Arts not ‘appreciated or understood’ by the State
‘You can’t dance to the metric – you can’t evaluate the thing that is priceless’
Founder and producer of the Other Voices live music series, Philip King. Photograph: Colin Keegan/Collins
The Government does not give the Arts the respect it deserves, despite the huge success of Irish artists, writers and performers in recent years, according to Philip King.
Founder and producer of the Other Voices live music series, King contends that the Arts are still not regarded by policy-makers as a “core value or strategic asset for a small country in a fast, competitive, global marketplace”.
The Dingle-based festival held during the off-season has become a huge event with an international reputation and has attracted some globally renowned musicians to play live in tiny venues in the Kerry Gaeltacht each year. They have included the late Amy Winehouse; Snow Patrol, Florence & The Machine, Sinéad O’Connor; Glen Hansard; Jarvis Cocker; The National, and Marina & The Diamonds.
Despite its huge reach – celebrated BBC DJ Annie Mac was among its guest presenters and performers this year – the event remains a huge challenge for King and his small team to put on. It has experienced reductions in financial support from State agencies in recent years, notwithstanding the boon it gives to tourism in Dingle and its surrounding hinterland during the quietest period of the year.
“Over the last 14 years, Other Voices has remained focused on producing a tiny event with global reach, and it works because of trust,” says King. “And because we continue to assert the primacy of arts, creativity and authenticity as some of our most important assets.”
He says these qualities are not sufficiently appreciated or understood by the State or by governments, because it cannot be easily defined or captured in a readily graspable way.
“Maybe part of it is because there is a messiness here. You cannot deliver a forecast in (a linear way). You can’t dance to the metric. You can’t evaluate the thing that is priceless. In the world of big data, we are so in thrall of data that we will miss the real things.”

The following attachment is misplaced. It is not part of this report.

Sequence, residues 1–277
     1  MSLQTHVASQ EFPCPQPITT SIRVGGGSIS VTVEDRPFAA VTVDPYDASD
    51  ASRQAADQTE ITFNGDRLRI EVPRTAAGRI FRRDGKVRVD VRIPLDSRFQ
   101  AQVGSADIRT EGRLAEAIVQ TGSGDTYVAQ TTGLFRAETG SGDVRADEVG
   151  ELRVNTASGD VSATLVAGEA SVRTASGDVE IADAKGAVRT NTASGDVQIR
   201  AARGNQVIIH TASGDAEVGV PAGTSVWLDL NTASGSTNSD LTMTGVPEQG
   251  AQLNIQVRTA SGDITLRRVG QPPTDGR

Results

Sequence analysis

King (a respected musician, music documentary maker and broadcaster in his own right) says his agenda and that of Other Voices is to stay loyal to being authentic. He says the question needs to be asked about how the current flourishing of arts and creativity could be sued to attract people to Ireland.
“How can Ireland get its act together, harness all of the edge and advantage that our creative people represent, and what needs to happen to make Ireland a place that our people want to come back to?
“For us, and for our competitors – including our next-door neighbours in Britain – creativity and creative industries offer hope and potential, but for some reason creativity and the arts are still seen as an ornamental add-on to policy.”
To that end, he says Irish artists embody the values which the rest of indigenous exporting service and product industries must emulate – authenticity, excellence, creativity, inclusiveness, differentiation.
“Culture remains the strong and welcoming link, when many others have been severed, between the home tribe and the Irish diaspora. Moreover, many Irish artists have successfully navigated this gap professionally and commercially, and perhaps with more nuance and skill than many other segments of the population and industry.”
He says the conditions have to be laid down for creative engagement, where disparate disciplines could be used. Did the Department of Art and the Department of Tourism talk to each other sufficiently, or did either speak with the Department of Communications? “I am starting to get a sense that people are beginning to see they can talk to each other. if they do talk to each other and engage with each other, I think there are big possibilities for a strategy.
“If we can continue to be entirely in thrall to data and metrics, we will miss the gold in my view.”